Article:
On Sept. 11, the California legislature passed health care bill SB 17, which requires pharmaceutical companies to release critical information on how major drugs are priced. SB 17 — although not yet signed by Gov. Jerry Brown — received support from both Republicans and Democrats in the waning hours of the 2017 legislative session. Many proponents from both sides believe that the bill could revolutionize national health care policy, as it would check the power of an increasingly monopolized business.
Specifically, the measure requires that pharmaceuticals make three important pieces of information public: the 25 most commonly prescribed drugs, the 25 most costly drugs and the 25 drugs with the largest annual increase in price. In addition, SB 17 forces manufacturers to report any increase in the cost of their products at least 60 days in advance if it exceeds a certain threshold.
Unsurprisingly, drug manufacturers are not pleased. If SB 17 goes into effect, big pharmaceutical companies would no longer have the power to raise the price of major drugs without receiving at least some kind of backlash. Public silence is what these companies feed on, allowing them to get away with limiting free enterprise and maximizing profit on their products.
Pharmaceutical companies’ ability to take advantage of that monopoly is highlighted in a 2014 Express Script report, which states that Americans consume 80 percent of the world’s supply of opioids despite representing only 5 percent of the population. Powerful painkillers are, undoubtedly, addictive and have serious side effects, and the fact that most Americans have a full bottle stocked in their cabinets at home is not to be taken lightly. In fact, the opioid epidemic, now deemed a national emergency by the Trump administration, was responsible for 28,000 American deaths in 2014, according to the Centers for Disease Control and Prevention. Most of these fatalities were from prescribed medications.
The issue is indicative of most manufacturers’ reckless disregard for public health; knowing that doctors over-prescribe drugs without properly weaning patients off of them, pharmaceuticals have made a business out of creating potentially harmful products and selling them to consumers who likely did not need the medication in the first place. Indeed, the more money rolls in from the hordes of drug-abusing Americans, the easier it is to push ethical boundaries in the industry. Put simply, big manufacturers undermine national health care policy by shifting the focus from the well-being of American citizens to the potential profits that can be made by big business.
The aforementioned evils of Big Pharma are personified in one formidable public enemy: Martin Shkreli. Those familiar with his name might remember him as the former CEO of Turing Pharmaceuticals, a manufacturer that primarily markets the drugs Daraprim and Vecamyl. In 2015, Shkreli — otherwise known as the “most hated man in America” — sparked national uproar after he raised the price of Daraprim, which treats malaria and AIDS, by over 5,000 percent. Shkreli was later arrested for fraud.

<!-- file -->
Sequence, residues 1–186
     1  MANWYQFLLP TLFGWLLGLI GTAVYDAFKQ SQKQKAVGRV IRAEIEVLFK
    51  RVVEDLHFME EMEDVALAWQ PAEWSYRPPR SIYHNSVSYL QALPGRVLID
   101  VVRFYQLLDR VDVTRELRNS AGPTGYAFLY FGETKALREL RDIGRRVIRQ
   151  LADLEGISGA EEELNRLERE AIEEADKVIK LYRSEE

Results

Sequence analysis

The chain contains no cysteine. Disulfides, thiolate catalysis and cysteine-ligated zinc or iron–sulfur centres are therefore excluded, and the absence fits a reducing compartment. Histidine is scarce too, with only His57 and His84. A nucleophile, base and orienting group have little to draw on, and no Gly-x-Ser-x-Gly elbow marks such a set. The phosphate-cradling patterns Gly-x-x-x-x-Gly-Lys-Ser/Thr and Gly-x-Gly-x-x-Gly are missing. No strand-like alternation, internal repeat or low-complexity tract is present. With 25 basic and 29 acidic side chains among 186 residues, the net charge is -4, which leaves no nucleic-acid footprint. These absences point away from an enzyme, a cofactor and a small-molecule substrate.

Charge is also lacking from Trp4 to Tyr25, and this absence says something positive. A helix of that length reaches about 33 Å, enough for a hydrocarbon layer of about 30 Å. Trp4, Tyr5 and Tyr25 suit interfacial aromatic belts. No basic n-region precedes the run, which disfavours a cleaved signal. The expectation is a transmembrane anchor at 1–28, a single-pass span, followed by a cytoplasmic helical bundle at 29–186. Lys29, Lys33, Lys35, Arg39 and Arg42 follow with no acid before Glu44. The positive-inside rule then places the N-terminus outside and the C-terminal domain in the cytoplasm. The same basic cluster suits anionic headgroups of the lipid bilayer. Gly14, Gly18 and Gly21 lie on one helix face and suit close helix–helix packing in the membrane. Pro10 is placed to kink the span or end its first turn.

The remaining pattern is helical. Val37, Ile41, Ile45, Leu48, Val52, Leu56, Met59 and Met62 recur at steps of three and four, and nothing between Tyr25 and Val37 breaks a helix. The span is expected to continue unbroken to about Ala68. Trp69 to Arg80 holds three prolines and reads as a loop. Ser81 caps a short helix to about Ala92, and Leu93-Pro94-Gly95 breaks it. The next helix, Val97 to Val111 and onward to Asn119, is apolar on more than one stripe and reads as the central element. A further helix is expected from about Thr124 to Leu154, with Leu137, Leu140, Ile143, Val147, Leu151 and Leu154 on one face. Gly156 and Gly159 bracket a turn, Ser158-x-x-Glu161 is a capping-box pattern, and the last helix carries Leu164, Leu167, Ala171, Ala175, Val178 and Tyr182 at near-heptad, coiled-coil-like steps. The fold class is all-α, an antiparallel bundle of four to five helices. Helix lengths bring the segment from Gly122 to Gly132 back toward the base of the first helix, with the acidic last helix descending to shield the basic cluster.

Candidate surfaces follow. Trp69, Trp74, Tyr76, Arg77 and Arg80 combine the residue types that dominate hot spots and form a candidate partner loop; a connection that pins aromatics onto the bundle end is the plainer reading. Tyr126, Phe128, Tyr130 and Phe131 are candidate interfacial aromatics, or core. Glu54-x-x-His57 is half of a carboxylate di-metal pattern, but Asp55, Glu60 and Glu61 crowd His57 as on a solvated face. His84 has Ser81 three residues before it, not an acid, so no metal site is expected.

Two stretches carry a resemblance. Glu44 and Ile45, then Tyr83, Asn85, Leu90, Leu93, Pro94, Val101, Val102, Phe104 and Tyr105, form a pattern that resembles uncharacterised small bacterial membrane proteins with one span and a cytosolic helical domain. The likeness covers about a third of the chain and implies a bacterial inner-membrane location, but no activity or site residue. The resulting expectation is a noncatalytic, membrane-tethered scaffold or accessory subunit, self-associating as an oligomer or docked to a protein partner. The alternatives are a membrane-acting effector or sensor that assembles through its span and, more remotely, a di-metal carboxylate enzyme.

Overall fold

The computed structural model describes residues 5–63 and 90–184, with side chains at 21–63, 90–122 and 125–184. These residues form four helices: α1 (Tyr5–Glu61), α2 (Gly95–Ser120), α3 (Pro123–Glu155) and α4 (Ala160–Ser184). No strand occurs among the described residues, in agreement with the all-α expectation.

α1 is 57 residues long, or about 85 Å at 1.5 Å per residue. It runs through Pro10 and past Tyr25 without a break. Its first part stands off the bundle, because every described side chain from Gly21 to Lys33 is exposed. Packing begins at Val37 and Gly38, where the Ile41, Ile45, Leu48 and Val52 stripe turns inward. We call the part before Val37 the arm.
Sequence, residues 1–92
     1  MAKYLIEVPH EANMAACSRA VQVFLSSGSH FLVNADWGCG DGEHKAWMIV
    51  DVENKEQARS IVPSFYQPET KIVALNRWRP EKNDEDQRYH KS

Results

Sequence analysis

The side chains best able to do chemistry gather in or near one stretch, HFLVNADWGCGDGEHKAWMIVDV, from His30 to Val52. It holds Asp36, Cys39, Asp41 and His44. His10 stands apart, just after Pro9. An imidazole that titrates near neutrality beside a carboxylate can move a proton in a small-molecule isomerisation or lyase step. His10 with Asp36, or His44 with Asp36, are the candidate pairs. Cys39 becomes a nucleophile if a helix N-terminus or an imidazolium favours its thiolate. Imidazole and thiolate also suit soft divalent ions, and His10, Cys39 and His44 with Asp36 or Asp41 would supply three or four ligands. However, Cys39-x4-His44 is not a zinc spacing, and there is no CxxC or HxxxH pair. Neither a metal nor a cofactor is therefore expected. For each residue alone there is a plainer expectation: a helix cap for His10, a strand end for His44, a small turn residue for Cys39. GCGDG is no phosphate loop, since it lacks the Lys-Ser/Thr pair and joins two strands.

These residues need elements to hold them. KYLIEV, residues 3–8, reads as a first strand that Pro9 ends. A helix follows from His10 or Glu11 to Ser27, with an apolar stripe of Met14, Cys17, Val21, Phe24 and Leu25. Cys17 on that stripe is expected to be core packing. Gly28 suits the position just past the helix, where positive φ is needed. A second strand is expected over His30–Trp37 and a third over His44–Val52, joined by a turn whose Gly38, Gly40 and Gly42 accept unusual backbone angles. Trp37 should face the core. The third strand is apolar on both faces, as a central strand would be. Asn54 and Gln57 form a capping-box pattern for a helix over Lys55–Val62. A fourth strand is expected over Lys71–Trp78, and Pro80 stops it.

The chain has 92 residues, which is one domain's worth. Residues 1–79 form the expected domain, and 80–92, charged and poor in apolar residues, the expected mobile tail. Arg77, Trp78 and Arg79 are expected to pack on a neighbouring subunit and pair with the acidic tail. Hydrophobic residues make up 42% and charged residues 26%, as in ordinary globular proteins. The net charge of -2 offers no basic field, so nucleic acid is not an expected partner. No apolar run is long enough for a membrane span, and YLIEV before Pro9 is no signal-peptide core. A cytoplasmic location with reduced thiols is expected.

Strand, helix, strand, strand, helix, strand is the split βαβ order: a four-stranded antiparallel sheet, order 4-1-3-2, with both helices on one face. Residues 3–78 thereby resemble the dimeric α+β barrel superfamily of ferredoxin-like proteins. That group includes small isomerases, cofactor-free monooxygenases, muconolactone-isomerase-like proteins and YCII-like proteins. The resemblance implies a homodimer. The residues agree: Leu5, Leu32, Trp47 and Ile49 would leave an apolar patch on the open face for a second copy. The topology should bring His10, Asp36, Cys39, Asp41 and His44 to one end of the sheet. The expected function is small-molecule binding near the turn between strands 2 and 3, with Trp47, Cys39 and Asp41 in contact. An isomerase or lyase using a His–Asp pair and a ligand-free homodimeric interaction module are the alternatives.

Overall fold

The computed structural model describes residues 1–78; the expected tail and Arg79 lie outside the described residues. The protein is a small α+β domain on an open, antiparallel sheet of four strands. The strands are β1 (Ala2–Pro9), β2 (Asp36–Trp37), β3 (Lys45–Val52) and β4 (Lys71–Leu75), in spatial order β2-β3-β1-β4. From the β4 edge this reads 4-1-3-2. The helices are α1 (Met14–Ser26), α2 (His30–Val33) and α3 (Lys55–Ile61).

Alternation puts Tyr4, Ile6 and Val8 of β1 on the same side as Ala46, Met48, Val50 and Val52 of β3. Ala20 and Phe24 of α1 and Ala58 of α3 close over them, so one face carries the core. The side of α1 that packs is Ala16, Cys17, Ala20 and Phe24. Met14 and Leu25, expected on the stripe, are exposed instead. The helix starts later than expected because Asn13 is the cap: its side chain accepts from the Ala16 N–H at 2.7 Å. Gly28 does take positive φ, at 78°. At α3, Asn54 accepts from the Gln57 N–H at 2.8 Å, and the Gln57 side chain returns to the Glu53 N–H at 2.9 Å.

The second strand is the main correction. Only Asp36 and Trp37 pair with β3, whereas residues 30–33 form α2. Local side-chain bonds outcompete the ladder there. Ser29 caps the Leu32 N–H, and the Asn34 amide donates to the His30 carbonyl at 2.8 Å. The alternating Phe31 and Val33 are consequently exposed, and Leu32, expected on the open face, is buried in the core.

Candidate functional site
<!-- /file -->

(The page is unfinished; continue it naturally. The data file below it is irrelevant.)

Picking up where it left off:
Like Shkreli, a large number of these companies do not care about meeting public health needs because they have more important things on their minds — like money. In other words, major manufacturers can sleep well at night knowing that they jeopardized the health of millions if it meant making a quick billion. And, while it is true that some pharmaceuticals may be unfairly demonized by a bad apple, the impersonality embodied by Shkreli is still largely characteristic of the direction the industry is going in.
The California legislature should be commended for its decision to tackle pharmaceuticals like Turing during this year’s session. In addition to SB 17, lawmakers introduced measure AB 265, which cuts discounts to pricier drugs when more affordable alternatives are available. If successful, the bill would limit manufacturers’ ability to manipulate consumers by tempting them with seemingly less expensive brands. Also notable is AB 315, a bill that focuses on regulating pharmacy benefit managers, who are largely responsible for driving up the cost of prescription medication.
Missing from the equation in these measures, however, is public knowledge of the situation — which is why SB 17 will be critical if signed into law. In matters as important as healthcare, each citizen deserves to know how his or her access to essential medication is being impacted by big pharmaceutical companies. College students, and those transitioning into a life of self-sufficiency, should be able to know much their EpiPens might cost in a few years.
While insurers usually take much of the blow from rising drug prices, SB 17 is a step in the right direction. Our legislators cannot have informed, productive conversations with pharmaceuticals if there is not at least some level of transparency. As mentioned before, drug companies have too long been held unaccountable for the prices of their products, and measures like SB 17 are necessary checks on their power, albeit small ones.
If Brown signs this bill, perhaps other states will follow suit — and the nation can take back public health for the sake of health.